There are more sophisticated ways to classify objects, for example by knowing that people are usually taller then wider, we can use this distinction.

Still one problem left, each new object is given a new id, but still there is no tracking.

Tracking

Implementing tracking will use a very simple but surprisingly successful heuristic[3] of object overlapping.

The assumption behind this idea is that in a video shot there are usually 10+ frames per second. That means that the same object will appear very close to the location it appeared on the previous frame, so if objects overlap in a non broken sequence of frames means they are the same object.

```function naiveApproach5(currentFrame, threshold)
{
difference <-- differenceFilter(currentFrame, oldFrame)
blackAndWhite <-- for each pixel in difference
{
if (pixel > threshold)
pixel <-- 255
else
pixel <-- 0
}
blobs <-- connectPixels(blackAndWhite)
for each blob
{
newObject <-- createObject(pixel, id)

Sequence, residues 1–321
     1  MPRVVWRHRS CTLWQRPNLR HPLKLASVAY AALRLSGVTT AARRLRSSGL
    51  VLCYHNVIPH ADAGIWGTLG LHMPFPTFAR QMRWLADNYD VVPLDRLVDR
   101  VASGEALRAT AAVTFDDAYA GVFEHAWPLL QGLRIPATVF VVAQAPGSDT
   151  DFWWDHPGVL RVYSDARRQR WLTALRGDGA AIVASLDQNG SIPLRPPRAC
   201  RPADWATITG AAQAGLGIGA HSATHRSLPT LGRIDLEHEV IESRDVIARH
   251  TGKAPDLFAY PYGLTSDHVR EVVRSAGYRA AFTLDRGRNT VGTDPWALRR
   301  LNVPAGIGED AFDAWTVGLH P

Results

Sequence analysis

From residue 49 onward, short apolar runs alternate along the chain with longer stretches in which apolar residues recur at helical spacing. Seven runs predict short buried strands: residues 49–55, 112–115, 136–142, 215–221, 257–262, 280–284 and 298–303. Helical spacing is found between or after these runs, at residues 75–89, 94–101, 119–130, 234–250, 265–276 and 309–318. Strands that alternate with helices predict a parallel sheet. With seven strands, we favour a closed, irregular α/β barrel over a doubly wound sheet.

if (newObject.totalSizeInPixels > 500)
newObject.Class <-- Person
else
newObject.Class <-- Junk
if (objects.ContainOverlapingObject(newObject)
update old object position with the current position of newObject

else
}

return objects
}```

The tracking here has one major problem that this article does not intend to solve; If a person is walking behind a tree (the tree occludes him) that means the second time he will appear he will be considered as a totally new object with a new id. The occlusion problem has a major effect on any surveillance system, but in this example we assume a clean view.

The code above is not complete and thus several additions are required:

1. There are two lists, one contains pending objects, i.e. objects that are still not being tracked and the other contains active objects that are being tracked.
2. Pending object is a moving object that was just discovered.
3. Before an object is considered to be an active object the algorithm waits to see if it keeps moving for at least 4 frames. it allows ignoring junk pixels and small moving objects like leafs.
4. If an active object has stopped moving for 10 frames delete it from the list.

```Iterate over all blobs, ignoring Unknown blobs.
if pendingBlobs contains blob then
increase the size of pending blob by 1.
update blob location.
if pending blob frame time >= 4 then move blob to activeBlobs and
give them id.
else if activeBlobs contains blob
update blob location.
initialize times not touched to 0.
else

Iterate over all pending blobs
delete blob if it wasn't updated.
Iterate over all active blobs
delete blob if it wasn't updated for 10 frames.

return blobs in activeBlobs list.        ```